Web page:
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24 July 2014
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Following my praise of Office 365 in the last edition, Satya Nadella, Microsoft’s new Chief Executive, did indeed announce its availability on iOS – as had been widely rumoured he would. So, I’ve used another of the generous number of downloads that a subscription to 365 allows, to install it on my iPad.

What would Steve Jobs have thought? Apple’s co-founder famously resisted making iTunes available on Windows, until worn down by his executives, when allegedly, he said: “Fuck you guys, do whatever you want. You’re responsible.”

But Jobs was adept at performing 180-degree turns: “It’s like giving a glass of ice water to someone in hell,” he later quipped as the programme was installed on hundreds of millions of PCs, fuelling sales of the iPod.

Today, Apple and Microsoft are working closely together. At this year’s Apple Worldwide Developers Conference, the company announced it would make Microsoft’s Bing the default search engine on its computers and mobile devices, displacing Google (invoking the proverb: “The enemy of my enemy is my friend”).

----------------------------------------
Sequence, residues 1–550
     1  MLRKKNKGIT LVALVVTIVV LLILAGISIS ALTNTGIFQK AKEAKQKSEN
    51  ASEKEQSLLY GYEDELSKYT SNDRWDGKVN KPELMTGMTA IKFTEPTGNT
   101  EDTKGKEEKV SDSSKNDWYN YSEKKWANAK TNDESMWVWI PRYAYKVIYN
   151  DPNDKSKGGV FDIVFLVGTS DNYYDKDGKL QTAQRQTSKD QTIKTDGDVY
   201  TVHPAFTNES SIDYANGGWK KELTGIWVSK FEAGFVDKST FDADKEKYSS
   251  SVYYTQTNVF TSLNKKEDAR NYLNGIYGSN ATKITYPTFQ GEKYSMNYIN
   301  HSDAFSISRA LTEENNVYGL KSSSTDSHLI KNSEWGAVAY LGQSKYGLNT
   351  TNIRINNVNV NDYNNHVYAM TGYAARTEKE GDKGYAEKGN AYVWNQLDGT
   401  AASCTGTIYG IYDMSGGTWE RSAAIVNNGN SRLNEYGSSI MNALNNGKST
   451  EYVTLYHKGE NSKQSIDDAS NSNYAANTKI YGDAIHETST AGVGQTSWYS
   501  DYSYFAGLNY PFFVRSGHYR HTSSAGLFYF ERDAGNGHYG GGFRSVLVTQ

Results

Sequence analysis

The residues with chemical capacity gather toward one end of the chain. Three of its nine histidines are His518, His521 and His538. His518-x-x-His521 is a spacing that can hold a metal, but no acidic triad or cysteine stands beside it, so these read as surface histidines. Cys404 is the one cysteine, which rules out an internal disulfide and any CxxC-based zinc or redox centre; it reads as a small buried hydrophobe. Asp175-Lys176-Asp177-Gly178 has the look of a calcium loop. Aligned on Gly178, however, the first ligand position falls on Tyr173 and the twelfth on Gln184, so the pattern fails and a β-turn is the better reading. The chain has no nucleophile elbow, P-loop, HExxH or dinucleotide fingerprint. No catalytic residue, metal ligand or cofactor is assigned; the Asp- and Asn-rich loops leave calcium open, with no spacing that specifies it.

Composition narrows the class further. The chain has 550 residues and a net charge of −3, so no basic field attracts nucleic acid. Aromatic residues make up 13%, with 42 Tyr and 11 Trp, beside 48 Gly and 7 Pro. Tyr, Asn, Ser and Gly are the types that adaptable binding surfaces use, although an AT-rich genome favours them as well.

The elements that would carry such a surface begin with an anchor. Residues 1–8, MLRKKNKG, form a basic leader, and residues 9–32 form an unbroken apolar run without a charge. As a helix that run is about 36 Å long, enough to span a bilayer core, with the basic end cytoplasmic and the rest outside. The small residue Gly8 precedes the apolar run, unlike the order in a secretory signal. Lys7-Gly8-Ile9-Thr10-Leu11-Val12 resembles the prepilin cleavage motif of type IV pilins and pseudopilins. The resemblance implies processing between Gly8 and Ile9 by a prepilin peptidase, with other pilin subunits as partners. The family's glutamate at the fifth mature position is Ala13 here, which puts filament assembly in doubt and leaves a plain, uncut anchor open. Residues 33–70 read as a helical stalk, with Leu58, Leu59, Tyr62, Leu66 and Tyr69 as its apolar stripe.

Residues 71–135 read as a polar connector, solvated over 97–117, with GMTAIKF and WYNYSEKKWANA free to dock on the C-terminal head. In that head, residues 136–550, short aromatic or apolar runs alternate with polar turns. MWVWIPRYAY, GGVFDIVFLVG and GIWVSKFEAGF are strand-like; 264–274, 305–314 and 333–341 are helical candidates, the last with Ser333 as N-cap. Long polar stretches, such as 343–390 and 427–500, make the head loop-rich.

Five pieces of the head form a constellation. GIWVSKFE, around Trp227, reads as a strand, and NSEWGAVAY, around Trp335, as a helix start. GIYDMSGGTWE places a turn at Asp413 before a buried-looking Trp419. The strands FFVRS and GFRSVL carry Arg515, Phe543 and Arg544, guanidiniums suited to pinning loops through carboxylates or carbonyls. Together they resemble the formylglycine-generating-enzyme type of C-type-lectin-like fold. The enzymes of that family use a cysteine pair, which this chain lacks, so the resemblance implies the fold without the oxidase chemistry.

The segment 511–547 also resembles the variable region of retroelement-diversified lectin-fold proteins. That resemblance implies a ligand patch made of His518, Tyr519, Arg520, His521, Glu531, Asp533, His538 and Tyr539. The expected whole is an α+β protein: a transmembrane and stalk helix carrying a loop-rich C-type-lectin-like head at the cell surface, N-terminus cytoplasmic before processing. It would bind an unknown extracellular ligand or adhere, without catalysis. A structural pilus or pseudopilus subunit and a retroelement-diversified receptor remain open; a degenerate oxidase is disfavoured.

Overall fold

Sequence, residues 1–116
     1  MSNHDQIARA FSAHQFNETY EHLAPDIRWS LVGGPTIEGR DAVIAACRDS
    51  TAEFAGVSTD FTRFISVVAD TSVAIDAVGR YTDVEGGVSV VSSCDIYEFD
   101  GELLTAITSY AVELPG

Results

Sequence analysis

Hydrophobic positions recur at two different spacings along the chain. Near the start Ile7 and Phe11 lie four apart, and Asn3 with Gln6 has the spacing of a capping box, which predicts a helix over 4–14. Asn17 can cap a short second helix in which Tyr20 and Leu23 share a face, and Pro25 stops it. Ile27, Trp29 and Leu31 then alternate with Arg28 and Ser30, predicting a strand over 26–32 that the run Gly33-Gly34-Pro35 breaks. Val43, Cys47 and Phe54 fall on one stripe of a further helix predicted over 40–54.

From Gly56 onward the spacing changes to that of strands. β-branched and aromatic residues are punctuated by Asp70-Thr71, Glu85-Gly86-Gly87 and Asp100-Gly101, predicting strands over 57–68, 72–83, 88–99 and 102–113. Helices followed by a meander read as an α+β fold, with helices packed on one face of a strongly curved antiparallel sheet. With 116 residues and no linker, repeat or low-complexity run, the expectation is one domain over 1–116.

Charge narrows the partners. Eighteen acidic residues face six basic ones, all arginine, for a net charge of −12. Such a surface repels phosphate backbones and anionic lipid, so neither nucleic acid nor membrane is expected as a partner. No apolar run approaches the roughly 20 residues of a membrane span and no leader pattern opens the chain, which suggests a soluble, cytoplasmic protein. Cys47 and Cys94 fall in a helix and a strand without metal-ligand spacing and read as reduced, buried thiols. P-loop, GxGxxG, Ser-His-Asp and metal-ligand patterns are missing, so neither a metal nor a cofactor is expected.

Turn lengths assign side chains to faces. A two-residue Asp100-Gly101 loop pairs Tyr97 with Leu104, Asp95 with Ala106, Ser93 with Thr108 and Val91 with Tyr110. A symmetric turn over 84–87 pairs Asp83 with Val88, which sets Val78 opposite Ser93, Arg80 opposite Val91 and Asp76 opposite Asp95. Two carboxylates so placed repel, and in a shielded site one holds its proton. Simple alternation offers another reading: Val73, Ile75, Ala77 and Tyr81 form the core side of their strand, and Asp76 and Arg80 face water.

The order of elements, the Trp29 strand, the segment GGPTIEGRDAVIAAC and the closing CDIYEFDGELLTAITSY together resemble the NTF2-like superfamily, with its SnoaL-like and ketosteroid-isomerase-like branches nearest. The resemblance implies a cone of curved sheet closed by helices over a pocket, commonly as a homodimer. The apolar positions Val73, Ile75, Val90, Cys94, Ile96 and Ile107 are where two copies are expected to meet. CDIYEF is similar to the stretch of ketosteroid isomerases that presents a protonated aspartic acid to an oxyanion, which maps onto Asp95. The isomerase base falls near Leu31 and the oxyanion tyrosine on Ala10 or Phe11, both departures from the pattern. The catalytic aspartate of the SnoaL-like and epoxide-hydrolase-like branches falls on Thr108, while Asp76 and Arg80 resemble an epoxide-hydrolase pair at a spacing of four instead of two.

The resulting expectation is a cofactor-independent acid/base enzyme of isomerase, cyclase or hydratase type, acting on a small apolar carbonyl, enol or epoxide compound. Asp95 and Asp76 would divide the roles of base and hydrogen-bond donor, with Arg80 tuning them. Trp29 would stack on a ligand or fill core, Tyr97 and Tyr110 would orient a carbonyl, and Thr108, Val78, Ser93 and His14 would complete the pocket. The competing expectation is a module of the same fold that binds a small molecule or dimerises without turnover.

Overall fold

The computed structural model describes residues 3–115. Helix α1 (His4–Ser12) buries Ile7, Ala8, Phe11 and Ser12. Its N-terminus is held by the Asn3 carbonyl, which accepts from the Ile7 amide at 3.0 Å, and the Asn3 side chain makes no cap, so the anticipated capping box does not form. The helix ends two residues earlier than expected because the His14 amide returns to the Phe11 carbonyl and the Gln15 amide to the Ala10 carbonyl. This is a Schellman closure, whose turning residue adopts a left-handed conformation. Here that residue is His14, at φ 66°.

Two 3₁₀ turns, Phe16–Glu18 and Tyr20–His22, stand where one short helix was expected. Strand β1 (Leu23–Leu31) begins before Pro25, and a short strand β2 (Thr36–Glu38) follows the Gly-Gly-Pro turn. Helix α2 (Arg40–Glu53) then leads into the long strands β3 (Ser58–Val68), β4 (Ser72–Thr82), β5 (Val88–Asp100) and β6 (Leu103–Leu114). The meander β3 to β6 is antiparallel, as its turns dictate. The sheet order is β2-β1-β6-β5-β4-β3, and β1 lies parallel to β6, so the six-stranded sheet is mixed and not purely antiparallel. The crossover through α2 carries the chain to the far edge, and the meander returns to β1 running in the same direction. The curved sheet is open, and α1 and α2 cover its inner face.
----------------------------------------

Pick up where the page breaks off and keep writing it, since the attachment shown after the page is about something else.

But then, Apple and Microsoft have always had an on-off relationship. Remember, Office was written first for the Mac and then ported to Windows.

I mention all this as I now have two presentation programmes on the iPad; PowerPoint and Apple’s own, Keynote. Which is being used? PowerPoint, of course. Thanks to the grandchildren, I’ve discovered that making PowerPoint presentations is all the rage at school.

This is great. Don’t be confused by the critics of computer literacy who say that children have for too long been taught ‘outdated’ technology skills, such as working with PowerPoint or Excel, instead of coding.

They are correct in that such basics should not be the end point of a child’s understanding of computing. But, there is a skill that comes from PowerPoint (or Keynote, if it’s used in any schools!) and that is the art of presenting. For a child, using PowerPoint in a project emphasises research and reinforces the organisation of information. Watching two of our grandchildren put together PowerPoints on Africa and Australia has been instructive.

But, as well those research and organisational skills, I wonder if design is ever a consideration in their teachers’ critiques. How many bad PowerPoints by adults have you sat through? Many more than you have good ones, I bet.